Although not as impressive or large as the nearby bank barrow on St. Martin's down to the west, a pair of banks so close to each other is a rarity. The eastern most lies at the head of a small north facing valley and is orientated west/east parallel to the ridge of the hill. It shows itself as a low bank with a ditch either side of it.
The more westerly of the two is at a slight angle to the ridge and is much more visible, standing about two metres at it's highest point, it too has a ditch on both sides of it.
Perhaps the most interesting barrow on the site is to the west of the banks. It is a medium sized bowl barrow with a large sarsen stone on top of it. The stone is a concretion of pebbles very much like the stones which make up the Hellstone cromlech a few miles to the south of this site.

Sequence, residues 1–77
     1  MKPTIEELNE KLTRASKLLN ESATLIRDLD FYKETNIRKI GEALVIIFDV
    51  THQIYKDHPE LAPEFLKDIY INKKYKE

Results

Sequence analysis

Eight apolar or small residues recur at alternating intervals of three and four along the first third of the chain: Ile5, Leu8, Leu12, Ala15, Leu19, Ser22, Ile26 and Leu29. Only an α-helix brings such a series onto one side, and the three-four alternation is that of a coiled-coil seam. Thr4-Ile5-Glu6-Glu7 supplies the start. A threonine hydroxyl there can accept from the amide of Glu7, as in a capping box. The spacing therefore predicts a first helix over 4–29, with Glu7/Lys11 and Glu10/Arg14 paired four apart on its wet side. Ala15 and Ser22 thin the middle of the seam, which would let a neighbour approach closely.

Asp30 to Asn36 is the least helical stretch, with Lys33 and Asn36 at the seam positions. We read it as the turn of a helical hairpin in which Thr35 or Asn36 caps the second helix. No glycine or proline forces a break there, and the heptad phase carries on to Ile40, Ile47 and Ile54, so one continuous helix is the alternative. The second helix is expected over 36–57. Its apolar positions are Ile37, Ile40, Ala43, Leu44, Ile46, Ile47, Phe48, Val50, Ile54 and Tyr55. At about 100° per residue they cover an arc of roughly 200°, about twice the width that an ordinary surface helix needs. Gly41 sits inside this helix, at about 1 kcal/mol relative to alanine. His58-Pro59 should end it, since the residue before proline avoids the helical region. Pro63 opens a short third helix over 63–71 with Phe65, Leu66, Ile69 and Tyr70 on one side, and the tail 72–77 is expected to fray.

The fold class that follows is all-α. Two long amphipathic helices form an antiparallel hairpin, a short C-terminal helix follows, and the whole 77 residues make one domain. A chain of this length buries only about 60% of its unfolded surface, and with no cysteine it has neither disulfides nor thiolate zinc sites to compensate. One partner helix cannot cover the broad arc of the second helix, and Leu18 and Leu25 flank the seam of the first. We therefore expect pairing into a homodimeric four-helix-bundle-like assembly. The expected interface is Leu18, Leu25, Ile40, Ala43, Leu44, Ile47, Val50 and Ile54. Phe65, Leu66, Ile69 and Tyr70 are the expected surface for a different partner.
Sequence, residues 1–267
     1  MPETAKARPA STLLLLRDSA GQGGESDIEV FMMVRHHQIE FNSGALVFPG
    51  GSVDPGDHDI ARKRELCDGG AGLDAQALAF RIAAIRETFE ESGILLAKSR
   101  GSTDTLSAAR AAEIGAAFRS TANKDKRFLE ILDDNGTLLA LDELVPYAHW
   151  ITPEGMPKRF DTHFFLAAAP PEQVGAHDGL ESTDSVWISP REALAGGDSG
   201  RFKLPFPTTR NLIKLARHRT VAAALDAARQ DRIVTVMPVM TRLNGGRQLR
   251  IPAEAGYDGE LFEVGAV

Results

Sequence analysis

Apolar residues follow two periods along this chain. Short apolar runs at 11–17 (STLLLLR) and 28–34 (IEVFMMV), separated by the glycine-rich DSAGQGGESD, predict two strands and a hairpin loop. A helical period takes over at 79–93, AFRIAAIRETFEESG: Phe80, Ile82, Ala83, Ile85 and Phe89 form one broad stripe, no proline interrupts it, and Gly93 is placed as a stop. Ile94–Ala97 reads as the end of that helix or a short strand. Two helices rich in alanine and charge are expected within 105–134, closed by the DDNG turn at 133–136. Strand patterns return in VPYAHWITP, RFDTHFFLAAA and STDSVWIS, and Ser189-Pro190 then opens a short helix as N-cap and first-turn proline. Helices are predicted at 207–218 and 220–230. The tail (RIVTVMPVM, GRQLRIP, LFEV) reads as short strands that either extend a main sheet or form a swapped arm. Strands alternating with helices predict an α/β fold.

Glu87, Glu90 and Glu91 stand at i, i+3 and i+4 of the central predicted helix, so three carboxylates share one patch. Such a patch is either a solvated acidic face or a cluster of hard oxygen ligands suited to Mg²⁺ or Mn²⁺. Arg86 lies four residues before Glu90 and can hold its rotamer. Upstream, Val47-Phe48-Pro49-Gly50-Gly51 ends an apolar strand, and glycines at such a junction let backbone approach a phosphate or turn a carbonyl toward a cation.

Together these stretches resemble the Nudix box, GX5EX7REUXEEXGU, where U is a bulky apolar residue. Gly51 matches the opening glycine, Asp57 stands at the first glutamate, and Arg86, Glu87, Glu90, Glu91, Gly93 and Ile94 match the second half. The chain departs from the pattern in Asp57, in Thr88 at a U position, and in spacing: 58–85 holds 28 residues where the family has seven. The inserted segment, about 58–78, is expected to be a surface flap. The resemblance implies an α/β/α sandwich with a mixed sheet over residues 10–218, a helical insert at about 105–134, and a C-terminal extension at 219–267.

There are various other barrows to the west and east of this site and it is of course directly north of the poor lot barrows.
[visited 11/9/4] September in Dorset can really get chilly, especially on top of the southern hills. Don't let that stop you coming to look at this beauty however. Two bank barrows are marked on the map though only one is really obvious and its a delight. It points just to the North of the Long Bredy Bank barrow which is clearly visible on the hill to the west. Whilst not as big as that one, this is still longer than most long barrows and holds an unexpected delight. Unmarked on the OS map is a large round barrow with a huge sarsen stone on it top, a definate bonus. Looking at The Ancient Stones of Dorset, Peter Knight calls it "Kingston Russell Barrow 5".
Look to the South from up here and you can see the extended hill containing the Grey Mare and Kingston Russell circle. Poor lot is below you to the North and you can see to the horizon in most directions. I've been thinking a good deal about the purpose of these Bank Barrows and indeed similarly placed Long Barrows. Riding the crest of a hill, a man-made white streak visible for miles. A sign for the gods or a marker to all who enter these parts that this is taken. Access is up about 3 fields from the A35 carefully avoiding cowpats...